The US Supreme Court will hear arguments on a case that matters to everyone who believes in property rights, and is opposed to the use of eminent domain to transfer land from one property owner to another private property owner for a different use. CNN Story.
Eminent Domain was meant to be a means to acquire land for obvious common benefit uses: roadways and bridges mainly. That use was meant to be employed sparingly and as a last resort in the event civil negotiations broke down to an impasse. In the best case scenario, the government makes a fair market offer and the property owner agrees to a deal.
But today, governements on all levels, especially municipalities, are using eminent domain as a tool beyond its original intention. Eminent Domain is now being used by cities for taking property away from the current owners and giving to to other private entities- usually developers- on the basis that the new use will create jobs and a bigger tax base, which are certainly public benefits and sufficient justification for getting around negotiation and agreement.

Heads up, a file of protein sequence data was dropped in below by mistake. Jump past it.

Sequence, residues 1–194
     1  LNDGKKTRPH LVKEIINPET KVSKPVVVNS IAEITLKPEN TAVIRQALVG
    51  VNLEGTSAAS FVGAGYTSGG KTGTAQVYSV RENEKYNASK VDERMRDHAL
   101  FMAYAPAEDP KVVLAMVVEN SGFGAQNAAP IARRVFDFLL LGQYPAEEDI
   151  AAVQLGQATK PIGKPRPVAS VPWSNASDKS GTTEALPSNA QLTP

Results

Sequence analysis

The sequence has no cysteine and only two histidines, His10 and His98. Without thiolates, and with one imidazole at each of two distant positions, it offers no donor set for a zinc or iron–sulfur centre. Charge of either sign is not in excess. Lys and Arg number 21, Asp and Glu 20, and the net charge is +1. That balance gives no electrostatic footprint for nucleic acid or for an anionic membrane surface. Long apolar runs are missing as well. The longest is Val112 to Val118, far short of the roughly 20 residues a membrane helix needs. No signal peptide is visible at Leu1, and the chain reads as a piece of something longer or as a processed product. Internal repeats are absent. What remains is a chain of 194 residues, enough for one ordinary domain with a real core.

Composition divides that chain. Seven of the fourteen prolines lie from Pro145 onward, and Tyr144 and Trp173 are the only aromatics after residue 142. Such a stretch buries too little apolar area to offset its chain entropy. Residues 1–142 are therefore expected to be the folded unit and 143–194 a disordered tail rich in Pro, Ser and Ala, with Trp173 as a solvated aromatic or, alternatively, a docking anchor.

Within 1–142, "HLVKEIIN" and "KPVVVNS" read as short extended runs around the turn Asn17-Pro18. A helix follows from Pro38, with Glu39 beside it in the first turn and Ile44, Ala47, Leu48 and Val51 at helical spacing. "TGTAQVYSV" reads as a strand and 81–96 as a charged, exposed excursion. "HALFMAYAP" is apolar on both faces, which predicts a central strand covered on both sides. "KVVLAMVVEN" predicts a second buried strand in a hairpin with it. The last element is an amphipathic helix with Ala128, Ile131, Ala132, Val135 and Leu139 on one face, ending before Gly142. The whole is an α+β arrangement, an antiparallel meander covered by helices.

This is important because all of us live in some kind of housing. We care about our homes, especially if we are homeowners. Home ownership is the cornerstone of the middle class. These cities are showing us that homeowners are increasingly becoming a class to be oppressed and disregarded. It should cause great alarm. From CNN:
"A recent study by the property rights group Institute for Justice, which is representing the New London homeowners in court, found about 10,000 cases from 1998 to 2002 of local governments in 41 states using or threatening to use eminent domain to transfer home and properties from one private owner to another. Courts in at least six states have upheld the practice."
Neal Boortz has much to say on this, thank goodness, on his website and on his radio show. The Institute For Justice is a non-profit legal organization that takes eminent domain abuse cases, and is one of the litigants in today's case on behalf of the property owners.